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Infamous, Jermyn Street Theatre review - Lady Hamilton challenges the patriarchy and loses | reviews, news & interviews

Infamous, Jermyn Street Theatre review - Lady Hamilton challenges the patriarchy and loses

Infamous, Jermyn Street Theatre review - Lady Hamilton challenges the patriarchy and loses

A clever, sexy, confident woman woos the aristocracy but is disowned when she needs help

All in the family: Caroline and Rose Quentin in 'Infamous'Steve Gregson

Towards the end of the 18th century, Lady Emma Hamilton (like so much in this woman's life, hers was a title achieved as much as bestowed) was the “It Girl” of European society.

They’ve always been around – women who have the combination of looks, intelligence and transgressive confidence fused by a rare alchemy into a concoction that a certain kind of powerful man cannot resist (and plenty of not so powerful men, too). Then, as now, such women were dangerous and the patriarchy exacted a price for the challenge not so much to its norms but to its hypocrisy. Such people burned bright, but not for long.

In April De Angelis’s new play, we first meet Emma at the height of her powers. Having successfully buried her humble beginnings on the Wirral of all places and as a teenage actress not shy to do what was needed to get by, she’s the twentysomething wife of the ageing, besotted British ambassador to the Court of Naples: a socialite phenomenon and political operator who just might have it all. But all is never enough for a person with her voracious appetites and low boredom threshold. And so it is that she engineers a meeting with the nation’s saviour, Horatio Nelson, sets her cap in his direction and, well, he may have been missing an eye and an arm, but the rest was flesh and blood – what could he do?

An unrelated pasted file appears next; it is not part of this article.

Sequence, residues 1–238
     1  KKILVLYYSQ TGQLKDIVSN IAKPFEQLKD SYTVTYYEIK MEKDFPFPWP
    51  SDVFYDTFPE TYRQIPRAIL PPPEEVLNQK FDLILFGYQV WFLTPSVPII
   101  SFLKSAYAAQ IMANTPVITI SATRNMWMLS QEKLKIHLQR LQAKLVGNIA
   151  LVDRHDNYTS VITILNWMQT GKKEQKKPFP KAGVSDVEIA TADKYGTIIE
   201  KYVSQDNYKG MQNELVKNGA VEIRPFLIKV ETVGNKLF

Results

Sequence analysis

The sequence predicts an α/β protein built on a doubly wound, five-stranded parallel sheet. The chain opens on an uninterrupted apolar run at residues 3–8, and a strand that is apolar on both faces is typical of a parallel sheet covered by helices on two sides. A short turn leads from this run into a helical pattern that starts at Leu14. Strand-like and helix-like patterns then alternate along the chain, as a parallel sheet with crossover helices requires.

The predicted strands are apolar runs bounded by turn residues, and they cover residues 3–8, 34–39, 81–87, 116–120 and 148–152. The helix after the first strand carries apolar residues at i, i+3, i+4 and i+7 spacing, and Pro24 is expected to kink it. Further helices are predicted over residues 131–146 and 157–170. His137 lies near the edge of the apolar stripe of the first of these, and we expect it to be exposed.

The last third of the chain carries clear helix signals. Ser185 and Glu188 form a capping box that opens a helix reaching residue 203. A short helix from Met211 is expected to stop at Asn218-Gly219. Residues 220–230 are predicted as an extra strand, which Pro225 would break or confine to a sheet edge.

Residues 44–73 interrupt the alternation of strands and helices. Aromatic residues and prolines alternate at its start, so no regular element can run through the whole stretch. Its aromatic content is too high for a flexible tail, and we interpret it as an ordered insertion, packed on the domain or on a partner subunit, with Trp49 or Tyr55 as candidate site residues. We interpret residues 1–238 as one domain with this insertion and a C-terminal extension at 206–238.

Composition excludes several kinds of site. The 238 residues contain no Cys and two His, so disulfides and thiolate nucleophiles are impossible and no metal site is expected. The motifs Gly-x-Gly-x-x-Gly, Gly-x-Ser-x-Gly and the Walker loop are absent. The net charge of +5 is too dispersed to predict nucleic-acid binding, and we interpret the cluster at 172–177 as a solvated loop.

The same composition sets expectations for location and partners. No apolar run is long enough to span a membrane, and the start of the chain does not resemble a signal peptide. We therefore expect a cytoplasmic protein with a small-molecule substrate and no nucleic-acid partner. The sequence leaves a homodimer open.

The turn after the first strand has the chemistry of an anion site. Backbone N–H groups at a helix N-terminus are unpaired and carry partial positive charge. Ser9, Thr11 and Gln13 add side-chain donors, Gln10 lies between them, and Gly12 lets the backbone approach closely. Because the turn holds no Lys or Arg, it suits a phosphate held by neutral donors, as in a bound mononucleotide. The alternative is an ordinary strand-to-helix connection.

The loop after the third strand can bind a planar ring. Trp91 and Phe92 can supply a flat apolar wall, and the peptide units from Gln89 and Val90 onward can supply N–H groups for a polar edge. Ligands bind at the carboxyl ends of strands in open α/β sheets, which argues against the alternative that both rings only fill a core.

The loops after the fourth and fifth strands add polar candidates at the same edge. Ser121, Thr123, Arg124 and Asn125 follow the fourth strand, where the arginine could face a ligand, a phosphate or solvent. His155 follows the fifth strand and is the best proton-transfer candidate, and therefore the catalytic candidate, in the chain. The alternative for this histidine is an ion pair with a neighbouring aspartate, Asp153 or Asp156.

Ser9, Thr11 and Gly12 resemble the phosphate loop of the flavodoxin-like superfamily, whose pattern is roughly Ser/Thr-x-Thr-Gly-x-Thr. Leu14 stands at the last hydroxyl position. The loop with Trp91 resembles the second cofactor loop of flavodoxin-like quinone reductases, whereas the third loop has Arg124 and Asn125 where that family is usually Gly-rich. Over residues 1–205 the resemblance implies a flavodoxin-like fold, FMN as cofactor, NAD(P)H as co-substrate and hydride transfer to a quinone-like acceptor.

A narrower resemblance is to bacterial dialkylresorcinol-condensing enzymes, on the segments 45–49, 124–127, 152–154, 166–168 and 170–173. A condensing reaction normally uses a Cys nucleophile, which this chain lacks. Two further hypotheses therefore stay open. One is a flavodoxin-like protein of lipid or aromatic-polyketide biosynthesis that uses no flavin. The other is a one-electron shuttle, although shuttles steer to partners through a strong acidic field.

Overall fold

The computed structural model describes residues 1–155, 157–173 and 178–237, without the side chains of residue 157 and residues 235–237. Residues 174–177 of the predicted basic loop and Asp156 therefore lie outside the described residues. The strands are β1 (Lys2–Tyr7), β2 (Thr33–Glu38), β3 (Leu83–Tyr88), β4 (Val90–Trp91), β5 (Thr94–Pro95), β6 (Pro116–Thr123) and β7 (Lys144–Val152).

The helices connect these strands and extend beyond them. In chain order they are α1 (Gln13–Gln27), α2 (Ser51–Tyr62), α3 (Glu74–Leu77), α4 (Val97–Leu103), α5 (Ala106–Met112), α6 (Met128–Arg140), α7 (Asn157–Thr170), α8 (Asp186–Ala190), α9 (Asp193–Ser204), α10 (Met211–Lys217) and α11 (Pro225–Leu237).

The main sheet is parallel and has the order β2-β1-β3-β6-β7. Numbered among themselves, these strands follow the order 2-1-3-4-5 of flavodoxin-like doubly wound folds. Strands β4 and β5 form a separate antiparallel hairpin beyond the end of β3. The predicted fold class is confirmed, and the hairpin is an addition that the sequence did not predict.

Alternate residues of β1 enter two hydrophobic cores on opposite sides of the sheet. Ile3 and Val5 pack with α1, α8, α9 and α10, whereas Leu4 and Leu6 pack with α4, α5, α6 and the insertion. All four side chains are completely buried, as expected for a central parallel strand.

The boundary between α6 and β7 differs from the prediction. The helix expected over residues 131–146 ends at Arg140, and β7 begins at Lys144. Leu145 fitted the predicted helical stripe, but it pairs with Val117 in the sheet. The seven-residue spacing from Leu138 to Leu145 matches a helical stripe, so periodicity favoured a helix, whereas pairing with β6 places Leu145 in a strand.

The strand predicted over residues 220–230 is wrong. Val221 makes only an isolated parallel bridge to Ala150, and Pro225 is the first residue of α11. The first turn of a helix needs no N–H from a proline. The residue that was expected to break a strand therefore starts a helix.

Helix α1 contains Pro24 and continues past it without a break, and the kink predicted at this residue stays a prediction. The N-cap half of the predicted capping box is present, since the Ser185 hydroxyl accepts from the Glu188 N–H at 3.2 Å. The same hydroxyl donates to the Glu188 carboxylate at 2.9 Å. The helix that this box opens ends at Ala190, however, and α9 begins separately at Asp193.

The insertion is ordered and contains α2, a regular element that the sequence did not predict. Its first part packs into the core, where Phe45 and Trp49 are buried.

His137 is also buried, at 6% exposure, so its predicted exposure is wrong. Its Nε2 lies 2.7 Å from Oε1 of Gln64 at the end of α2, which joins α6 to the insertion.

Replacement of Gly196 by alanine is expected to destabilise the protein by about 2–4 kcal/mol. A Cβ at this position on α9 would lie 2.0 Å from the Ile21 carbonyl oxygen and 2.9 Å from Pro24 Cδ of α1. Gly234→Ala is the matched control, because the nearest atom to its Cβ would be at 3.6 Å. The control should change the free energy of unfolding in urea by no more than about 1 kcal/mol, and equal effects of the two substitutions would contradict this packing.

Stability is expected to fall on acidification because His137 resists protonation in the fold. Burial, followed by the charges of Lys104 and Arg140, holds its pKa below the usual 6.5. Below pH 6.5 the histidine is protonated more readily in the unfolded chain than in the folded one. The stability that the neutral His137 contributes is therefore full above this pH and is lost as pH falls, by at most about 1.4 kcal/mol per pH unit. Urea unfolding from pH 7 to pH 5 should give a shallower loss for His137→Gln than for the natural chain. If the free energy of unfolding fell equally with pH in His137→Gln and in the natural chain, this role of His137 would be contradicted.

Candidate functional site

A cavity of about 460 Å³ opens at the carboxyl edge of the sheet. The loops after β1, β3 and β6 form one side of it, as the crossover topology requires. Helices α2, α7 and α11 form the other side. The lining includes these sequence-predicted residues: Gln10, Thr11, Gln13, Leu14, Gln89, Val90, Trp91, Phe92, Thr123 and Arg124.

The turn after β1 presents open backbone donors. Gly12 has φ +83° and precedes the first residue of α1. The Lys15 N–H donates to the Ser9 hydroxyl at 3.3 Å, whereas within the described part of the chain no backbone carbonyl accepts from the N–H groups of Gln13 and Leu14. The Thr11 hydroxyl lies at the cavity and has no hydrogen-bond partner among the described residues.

Rose Quentin (pictured above with Caroline Quentin) is our heroine, all witty remarks, tousled hair and heaving bosoms, but she also captures the fragility that clings to a self-made (more accurately, self-imagined) woman in a man’s world. She butts up against her mother (her real life mother too, Caroline Quentin) partly because the charades that work so well in palaces and bedchambers seldom survive the truths that pass between a parent and a child. The pair throw out barbs aplenty, but they love each other, and are very funny about it. Quentin junior has inherited the comic timing gene, and one can only congratulate the director, Michael Oakley, on making good on such an inspired piece of casting.

After the interval, things change. We’re a couple of decades or so on, Quentin senior is now playing Emma, holed up in a barn in Calais with her "adopted" daughter, Horatia (Quentin junior) and hiding from creditors, the late Admiral’s family and wealthy friends having disowned her: the patriarchy has exacted its ruthless revenge. There are still laughs – the wit has withered but not disappeared – but there’s a poignancy in her pathetic recreation of the classical Greek tableaux that once so enchanted the crowned heads of Europe. The girl sees a route out (she casts a little of her mother’s old magic towards the mayor’s son, played by Riad Richie in a sweet cameo) but like the heroine of a Puccini opera, Emma is gone before the age of 50.

It’s an extraordinary tale but one feels that it might better be explored through a musical rather than a talk-heavy play – though, perhaps, one Hamilton show is enough. We would benefit from seeing Emma with her men however much this is a story focused on daughterhood, and there’s an element of the predictable in her descent: the bottle hidden in the sleeve is perhaps a little too on the nose as an indication of her descent into alcoholism. 

Most of all, the parallels with today’s celebrity culture, suffused as it is with the seductive lure of fame that so fired Emma’s ambition, is largely unexplored – there’s a lot to say there in a perhaps bigger play that remains tantalisingly out of reach. 

Oh, and if this play is ever optioned for adaptation by Netflix, Meghan Markle might just be right for the part.     

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